CHESTER PIERCE, born June 18, 1784, married Sarah Tyler, died at Palmyra, N. Y. in 1811.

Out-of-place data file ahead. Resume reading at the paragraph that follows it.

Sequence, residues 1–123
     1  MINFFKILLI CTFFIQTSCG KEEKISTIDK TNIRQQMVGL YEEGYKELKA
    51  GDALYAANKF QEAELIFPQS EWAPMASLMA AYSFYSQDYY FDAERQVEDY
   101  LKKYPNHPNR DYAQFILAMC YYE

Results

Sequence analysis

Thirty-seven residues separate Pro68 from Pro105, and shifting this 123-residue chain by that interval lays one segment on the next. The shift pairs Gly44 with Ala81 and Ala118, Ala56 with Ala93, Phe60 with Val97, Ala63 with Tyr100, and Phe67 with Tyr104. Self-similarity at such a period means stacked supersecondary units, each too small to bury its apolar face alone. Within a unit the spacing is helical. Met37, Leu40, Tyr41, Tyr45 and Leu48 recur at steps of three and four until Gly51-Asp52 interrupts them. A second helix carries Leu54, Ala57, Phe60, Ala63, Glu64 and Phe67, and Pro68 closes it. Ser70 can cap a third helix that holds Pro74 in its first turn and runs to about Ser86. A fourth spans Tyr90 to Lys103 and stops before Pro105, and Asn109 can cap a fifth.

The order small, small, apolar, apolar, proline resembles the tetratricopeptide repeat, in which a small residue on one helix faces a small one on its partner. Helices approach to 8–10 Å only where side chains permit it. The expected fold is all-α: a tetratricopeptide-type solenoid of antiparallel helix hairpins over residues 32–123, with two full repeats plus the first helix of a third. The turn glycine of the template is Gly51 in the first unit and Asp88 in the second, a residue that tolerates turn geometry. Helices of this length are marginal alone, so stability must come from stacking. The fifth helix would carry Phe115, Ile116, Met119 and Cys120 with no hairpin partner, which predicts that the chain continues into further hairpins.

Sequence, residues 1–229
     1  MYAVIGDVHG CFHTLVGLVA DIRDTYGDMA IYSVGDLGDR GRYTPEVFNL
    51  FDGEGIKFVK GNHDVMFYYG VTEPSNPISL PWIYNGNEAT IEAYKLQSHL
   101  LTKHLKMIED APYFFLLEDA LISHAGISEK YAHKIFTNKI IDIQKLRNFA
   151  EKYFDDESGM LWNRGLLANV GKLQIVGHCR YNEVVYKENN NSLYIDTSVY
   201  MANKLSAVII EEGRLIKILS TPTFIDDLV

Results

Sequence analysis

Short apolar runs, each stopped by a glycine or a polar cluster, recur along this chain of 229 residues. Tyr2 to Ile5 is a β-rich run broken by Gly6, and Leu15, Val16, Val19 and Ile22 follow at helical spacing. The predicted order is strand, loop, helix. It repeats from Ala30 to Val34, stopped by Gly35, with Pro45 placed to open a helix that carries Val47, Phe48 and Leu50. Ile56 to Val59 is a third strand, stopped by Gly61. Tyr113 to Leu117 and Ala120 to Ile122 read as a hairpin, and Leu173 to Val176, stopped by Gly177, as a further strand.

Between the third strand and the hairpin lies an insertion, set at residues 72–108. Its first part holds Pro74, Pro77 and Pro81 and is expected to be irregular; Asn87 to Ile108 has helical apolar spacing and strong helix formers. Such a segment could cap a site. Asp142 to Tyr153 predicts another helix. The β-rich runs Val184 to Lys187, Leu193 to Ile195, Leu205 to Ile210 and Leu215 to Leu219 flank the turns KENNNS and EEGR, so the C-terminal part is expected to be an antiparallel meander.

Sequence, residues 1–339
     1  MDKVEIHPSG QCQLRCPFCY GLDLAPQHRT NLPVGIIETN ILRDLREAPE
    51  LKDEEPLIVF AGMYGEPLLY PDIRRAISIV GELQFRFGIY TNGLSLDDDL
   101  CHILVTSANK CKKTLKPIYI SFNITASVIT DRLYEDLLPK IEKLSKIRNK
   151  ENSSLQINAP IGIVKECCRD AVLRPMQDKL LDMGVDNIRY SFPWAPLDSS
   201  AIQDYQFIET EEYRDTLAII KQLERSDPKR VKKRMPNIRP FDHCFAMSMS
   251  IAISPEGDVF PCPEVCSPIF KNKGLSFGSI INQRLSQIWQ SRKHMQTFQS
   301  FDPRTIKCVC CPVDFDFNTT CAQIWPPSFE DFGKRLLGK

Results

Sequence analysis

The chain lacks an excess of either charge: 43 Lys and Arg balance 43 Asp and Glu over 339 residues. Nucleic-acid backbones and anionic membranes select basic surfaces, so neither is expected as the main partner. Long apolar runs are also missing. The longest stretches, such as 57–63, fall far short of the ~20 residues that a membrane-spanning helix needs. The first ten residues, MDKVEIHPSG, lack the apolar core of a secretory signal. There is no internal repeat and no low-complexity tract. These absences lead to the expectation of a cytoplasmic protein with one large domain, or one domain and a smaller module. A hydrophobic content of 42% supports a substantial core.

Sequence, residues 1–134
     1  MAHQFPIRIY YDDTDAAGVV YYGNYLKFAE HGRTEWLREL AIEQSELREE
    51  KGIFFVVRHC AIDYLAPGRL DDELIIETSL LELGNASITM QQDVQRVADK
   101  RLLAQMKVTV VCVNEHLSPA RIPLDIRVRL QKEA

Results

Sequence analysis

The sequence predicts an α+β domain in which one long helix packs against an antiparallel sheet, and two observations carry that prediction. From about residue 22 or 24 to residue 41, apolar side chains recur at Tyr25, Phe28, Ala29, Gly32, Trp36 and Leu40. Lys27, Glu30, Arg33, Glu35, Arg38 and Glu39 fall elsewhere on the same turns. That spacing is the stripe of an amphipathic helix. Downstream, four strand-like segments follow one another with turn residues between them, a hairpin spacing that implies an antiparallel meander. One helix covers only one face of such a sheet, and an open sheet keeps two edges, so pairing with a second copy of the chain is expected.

Joseph Kinney was born of Scotch-Irish parentage at Plainfield, Conn, in 1755. At the age of twenty-one he joined the American army and saw his first service at Dorchester Heights in March, 1776. He was wounded in the leg and captured at the battle of Long Island. For three months he suffered the horrors of confinement in the old Jersey prison ship. After being released, and still much crippled from his wounds, he made his way home on foot. He again joined the army and was at the battle Saratoga, resulting in the surrender of Burgoyne, October 17, 1777. He then returned to Plainfield, where he remained until 1778 when he emigrated to Wyoming. Here, on the 18th of June, 1781, he married Sarah, the eldest daughter of Captain Simon Spalding, and with his father-in-law and others removed to Sheshequin in 1783. He settled on the farm now owned by his great-grandson, Hon. O D Kinney. In Wyoming he had been a school teacher, but changed his occupation to that of a farmer in his new home, a calling in which he prided himself. He built and occupied the second framed house in the Valley. His biographer says: "Mr Kinney was not only a great reader, but was also a close and logical reasoner and analyzed thoroughly everything offered before he stored it away in his memory as knowledge. He was particularly apt in theological themes, and had many a gusty bout with the preachers of the day. However, he and Moses Park, when sent to oppose and confound Mr Murray in his first seed-sowing of the doctrines of universal salvation at Athens, "went wool-gathering and came home shorn," after a three days’ protracted effort, Mr Kinney’s house was the home of all the itinerants of the gospel in his day. Being of a scrofulous diathesis, he was no doubt more or less irritable. But his wife, Sarah, always mild and forbearing, always generous and couciliatory, never was swerved from the unerring law of kindness, which seldom fails to soothe the morbid passions of humanity. Upon the whole, with the limited education attainable in his day, except by the wealthy few, he would be called a man of decided brain power, strong in the convictions of right and duty, a close reasoner, irreproachable in his integrity and highly respected by the large circle of his acquaintances. He was emphatically domestic in his tastes and hence disliked and refused political positions generally." However, in 1791 he accepted the appointment of justice of the peace for the "Tioga district," and served as one of the first county commissioners, being elected on the Federal ticket in 1812. Mr Kinney died June 3, 1841, in the eighty-sixth year of his age. He is buried in the old Sheshequin cemetery and his headstone bears the inscription—"A Soldier of the Revolution." His wife died June 9, 1840, aged nearly seventy-seven years. The children of Joseph and Sarah Kinney were: Ruth (drowned in childhood), Simon, Ruth, George, Charles, Sarah, Lucy, Guy, Wealthy, Mina and Phebe M.